As a Trusts & Estates attorney, I frequently meet with retirees and others who want to talk about estate planning or modify a plan written years ago, now that their children have grown and, oftentimes, grandchildren are in the mix. While nobody enjoys thinking about the future in terms of disability or death, the planner in me knows that it is infinitely easier to discuss these hard subjects when you are talking in generalities and not experiencing them firsthand. When a family is suddenly in triage mode, with much to manage emotionally and otherwise, there is some comfort in knowing that you planned in advance for the situation. It’s helpful to think about the “what ifs” that can occur in your life or the life of a loved one, so that your family is prepared and your documents in order.
Specifically, the “what ifs” you should be thinking about may include:• What if I become disabled and cannot manage my finances?
• What if I become disabled and cannot make medical decisions for myself?
• What if my wishes regarding my medical care are not clear and I am unable to speak for myself?
• What if my wishes (both during life and after death) are not clear?
• What if I die without a Will? Where will my assets go?
• What if I die sooner than I anticipated? Does my estate plan adequately protect my family?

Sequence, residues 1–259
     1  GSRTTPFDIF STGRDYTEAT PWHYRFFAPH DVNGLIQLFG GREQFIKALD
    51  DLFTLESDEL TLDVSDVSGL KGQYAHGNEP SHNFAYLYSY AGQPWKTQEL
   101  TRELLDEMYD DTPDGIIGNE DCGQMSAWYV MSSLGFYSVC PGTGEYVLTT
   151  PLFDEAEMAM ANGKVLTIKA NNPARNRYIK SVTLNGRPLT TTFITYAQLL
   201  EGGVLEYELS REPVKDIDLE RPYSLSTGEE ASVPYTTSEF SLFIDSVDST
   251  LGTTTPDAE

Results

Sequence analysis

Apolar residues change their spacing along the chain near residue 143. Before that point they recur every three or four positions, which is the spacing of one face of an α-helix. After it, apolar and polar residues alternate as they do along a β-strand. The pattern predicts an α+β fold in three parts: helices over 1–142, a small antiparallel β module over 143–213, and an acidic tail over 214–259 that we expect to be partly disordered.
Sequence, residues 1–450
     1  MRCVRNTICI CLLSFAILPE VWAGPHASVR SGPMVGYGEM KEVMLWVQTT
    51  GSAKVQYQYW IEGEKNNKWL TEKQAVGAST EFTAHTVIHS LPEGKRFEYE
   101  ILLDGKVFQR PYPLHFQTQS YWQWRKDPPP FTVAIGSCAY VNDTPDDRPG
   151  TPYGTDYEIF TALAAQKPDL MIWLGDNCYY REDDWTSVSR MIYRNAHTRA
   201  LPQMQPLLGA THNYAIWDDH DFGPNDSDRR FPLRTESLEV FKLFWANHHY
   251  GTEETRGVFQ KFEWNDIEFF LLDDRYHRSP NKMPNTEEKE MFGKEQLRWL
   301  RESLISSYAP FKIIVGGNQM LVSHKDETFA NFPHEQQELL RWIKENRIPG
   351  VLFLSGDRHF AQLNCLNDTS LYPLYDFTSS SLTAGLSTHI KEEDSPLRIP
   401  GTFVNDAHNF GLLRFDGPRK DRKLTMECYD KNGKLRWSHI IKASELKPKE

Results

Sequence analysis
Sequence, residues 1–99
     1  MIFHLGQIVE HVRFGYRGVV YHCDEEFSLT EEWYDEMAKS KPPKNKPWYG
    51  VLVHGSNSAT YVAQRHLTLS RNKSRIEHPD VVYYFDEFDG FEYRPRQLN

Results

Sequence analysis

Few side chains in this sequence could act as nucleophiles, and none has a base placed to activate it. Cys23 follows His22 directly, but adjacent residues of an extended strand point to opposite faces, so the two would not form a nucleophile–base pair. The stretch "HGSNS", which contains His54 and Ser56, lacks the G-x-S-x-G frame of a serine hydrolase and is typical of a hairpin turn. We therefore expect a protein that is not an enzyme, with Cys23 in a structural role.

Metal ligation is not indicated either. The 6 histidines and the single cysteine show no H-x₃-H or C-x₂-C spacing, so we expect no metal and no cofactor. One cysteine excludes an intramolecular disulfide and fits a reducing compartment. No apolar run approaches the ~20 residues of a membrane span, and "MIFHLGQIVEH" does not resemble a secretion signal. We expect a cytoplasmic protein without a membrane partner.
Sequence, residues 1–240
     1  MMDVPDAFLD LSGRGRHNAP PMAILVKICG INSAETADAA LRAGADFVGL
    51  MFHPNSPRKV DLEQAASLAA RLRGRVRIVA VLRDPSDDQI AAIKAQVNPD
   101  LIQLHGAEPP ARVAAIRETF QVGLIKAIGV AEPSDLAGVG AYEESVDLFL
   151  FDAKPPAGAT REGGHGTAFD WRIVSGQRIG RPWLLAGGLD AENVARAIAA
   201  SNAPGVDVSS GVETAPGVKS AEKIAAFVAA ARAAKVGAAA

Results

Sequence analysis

• What if the beneficiaries designated on my non-probate assets are different than those named under my Last Will and Testament? Will my goals be met?
• What if my existing estate planning documents do not reflect my current situation and I become disabled or die suddenly?
• What if I need long term care? How will it be paid for?
When you are healthy and everyone in the family is doing well, worrying about disability and death is likely not on your mind, and not something you want to think about. But, this is exactly the time you should be contemplating these “what if” scenarios. Planning for the worst while hoping for the best is an extremely valuable approach that allows you to put a plan in place that gives peace of mind to everyone.
No matter what age you are, it is important to choose a legal advisor who can guide you through these important decisions, and help you think through and understand the sometimes complex implications of the available options. If you would like to discuss your “what ifs” and make sure that you and your family are prepared, please contact me at email@example.com or 201-639-2011.
The information is this article for informational purposes only and not for the purpose of providing legal advice. You should contact your attorney to obtain advice with respect to any particular issue or problem. Use of and access to this article does not create an attorney-client relationship between Naomi Becker Collier, Esq., and/or Pashman Stein Walder Hayden PC and the reader of the materials. The opinions expressed at or through these materials are the opinions of the individual author and may not reflect the opinions of the firm or any individual attorney.